She is undoubtedly the most interesting character in the bunch and the mold of Neytiri is aided by Saldana’s strong performance. I’ll just say that all of my movies don’t have to have brains of philosophical messages behind them but what I yearned for throughout the entire two and half hours was substance. I wanted something to connect to, something to sit through and root for. Many have compared Cameron’s movie to “Star Wars” but I think that comparison is all wrong because at the end of the day George Lucas gave us a variety of characters who were all fleshed out and human and meant something to the audience. Here Cameron manages to alienate us on all fronts with a slew of characters who aren’t the least bit interesting and are basic clichés. From Stephen Lang’s militant villain Miles Quaritch, to Sigourney Weaver’s long suffering liberal environmentalist doctor it just is stone cold in regards to human emotions. Cameron knows how to keep us distracted but he fails to properly touch the audience and bring us in head first. Even Jake Sully, our valiant hero, is pushed in every direction possible and still is just a stranger in the end.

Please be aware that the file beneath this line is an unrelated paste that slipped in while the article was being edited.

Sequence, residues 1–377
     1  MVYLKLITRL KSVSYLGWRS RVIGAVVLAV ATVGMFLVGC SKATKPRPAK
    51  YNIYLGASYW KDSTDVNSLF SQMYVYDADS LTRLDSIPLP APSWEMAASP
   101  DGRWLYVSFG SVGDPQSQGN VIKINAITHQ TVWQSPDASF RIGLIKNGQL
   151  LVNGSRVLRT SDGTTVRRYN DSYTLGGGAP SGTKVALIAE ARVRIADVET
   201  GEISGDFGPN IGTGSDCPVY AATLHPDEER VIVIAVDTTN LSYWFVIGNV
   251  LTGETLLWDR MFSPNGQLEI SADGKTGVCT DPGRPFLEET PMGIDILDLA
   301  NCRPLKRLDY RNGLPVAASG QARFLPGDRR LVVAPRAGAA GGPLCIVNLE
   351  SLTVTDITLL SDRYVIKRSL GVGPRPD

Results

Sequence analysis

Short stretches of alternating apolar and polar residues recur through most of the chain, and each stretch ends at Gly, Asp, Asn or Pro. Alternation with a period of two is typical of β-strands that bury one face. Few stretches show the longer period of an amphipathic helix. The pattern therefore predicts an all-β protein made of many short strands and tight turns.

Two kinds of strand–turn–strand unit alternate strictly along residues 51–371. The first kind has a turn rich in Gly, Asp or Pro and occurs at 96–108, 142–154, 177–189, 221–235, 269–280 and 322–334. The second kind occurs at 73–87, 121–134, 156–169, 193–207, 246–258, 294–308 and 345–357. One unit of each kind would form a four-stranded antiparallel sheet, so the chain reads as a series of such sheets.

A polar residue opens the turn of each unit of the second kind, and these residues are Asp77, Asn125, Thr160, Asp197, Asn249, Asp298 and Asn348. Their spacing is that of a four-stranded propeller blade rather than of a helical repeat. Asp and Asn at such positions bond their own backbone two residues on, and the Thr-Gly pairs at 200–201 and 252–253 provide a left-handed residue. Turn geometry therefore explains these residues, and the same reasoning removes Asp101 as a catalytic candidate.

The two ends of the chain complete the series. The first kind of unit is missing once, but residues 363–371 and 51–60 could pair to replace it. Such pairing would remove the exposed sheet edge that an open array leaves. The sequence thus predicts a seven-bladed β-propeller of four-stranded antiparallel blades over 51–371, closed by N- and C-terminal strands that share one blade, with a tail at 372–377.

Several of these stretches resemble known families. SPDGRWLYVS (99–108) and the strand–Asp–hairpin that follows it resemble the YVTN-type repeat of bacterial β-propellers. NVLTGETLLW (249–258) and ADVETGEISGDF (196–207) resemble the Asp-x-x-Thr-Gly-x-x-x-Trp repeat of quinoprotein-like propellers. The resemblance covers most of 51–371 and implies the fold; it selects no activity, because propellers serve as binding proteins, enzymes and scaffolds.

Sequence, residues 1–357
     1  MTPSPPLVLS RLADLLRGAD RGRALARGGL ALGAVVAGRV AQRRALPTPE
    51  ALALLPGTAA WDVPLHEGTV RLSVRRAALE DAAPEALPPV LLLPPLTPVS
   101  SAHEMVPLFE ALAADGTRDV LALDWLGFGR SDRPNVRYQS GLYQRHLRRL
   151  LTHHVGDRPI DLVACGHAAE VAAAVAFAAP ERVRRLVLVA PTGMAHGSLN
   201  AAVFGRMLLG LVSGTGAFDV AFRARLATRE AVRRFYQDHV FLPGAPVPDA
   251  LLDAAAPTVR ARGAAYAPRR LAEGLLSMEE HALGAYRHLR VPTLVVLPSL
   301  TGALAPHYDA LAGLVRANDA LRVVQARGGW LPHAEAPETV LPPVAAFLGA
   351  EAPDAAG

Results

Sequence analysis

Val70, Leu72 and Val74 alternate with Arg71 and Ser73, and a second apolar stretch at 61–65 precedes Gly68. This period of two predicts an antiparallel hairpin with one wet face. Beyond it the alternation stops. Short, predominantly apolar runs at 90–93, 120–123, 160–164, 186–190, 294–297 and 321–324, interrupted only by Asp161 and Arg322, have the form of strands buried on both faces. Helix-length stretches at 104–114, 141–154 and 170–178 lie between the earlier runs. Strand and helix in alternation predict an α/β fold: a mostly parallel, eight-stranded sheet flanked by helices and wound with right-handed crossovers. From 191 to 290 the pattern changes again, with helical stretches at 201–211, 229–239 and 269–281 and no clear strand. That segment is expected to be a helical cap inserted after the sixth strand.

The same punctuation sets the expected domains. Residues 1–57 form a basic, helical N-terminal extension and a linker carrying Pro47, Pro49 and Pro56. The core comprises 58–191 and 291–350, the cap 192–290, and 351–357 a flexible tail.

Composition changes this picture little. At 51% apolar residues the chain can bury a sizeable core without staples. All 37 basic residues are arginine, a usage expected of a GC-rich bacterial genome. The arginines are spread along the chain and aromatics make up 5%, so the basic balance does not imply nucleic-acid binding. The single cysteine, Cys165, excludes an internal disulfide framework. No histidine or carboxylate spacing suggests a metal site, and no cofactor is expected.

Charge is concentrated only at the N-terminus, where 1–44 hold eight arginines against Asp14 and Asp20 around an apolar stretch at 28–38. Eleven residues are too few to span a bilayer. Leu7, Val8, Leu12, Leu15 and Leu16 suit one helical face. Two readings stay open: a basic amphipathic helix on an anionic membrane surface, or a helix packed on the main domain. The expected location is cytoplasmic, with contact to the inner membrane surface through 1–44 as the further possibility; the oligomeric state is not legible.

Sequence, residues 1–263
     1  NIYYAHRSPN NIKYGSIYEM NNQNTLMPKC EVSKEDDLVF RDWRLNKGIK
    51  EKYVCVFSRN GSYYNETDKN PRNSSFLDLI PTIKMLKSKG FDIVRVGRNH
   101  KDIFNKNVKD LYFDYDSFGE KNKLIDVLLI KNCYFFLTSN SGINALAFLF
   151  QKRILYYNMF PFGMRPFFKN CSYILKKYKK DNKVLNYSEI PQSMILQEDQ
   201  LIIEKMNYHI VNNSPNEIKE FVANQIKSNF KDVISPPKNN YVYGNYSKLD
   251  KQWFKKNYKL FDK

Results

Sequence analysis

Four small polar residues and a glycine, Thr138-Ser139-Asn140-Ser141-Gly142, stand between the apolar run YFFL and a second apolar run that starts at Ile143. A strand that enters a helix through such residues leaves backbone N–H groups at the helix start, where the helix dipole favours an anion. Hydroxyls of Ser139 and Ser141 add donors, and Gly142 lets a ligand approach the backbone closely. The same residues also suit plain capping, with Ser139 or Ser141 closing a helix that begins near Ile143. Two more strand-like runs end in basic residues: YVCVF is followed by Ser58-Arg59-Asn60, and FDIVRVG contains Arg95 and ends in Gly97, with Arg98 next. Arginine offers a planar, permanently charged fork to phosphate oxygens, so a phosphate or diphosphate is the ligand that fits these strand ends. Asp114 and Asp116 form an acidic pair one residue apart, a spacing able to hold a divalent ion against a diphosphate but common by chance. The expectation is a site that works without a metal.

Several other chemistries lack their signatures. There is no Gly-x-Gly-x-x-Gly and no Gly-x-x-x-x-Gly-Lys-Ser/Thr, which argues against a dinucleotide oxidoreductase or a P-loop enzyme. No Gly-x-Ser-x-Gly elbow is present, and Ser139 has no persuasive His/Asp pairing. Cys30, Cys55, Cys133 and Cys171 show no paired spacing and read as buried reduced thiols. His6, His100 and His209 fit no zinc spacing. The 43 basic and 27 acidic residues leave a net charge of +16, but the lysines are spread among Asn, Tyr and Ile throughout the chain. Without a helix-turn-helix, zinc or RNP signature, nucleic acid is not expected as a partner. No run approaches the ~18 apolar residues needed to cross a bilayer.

The script stresses painfully to like him. He’s crippled. His brother died. He’s not too bright. He is dedicated to his career. But suddenly he loves the Nav’i breed. And he’s a skilled warrior, blah blah. Worthington has little to work with and even when Jake is in his Avatar screeching and leading his people to battle, we still don’t fully know everything about him other than what is spelled out for us in the opening scenes. Cameron holds our hand through everything where we experience endless narration, inner monologues from Jake, and characters to explain everything to one another. No one ever assumes that they’re being told information they already know. Cameron makes the story painfully simple, so simple that anyone with half a brain could follow it and he basically does the work for us. What do you expect from a man who names his Maguffin “Unobtainium”? The “story” remains just a concept on a piece of paper and serves as a means of delivering the special effects.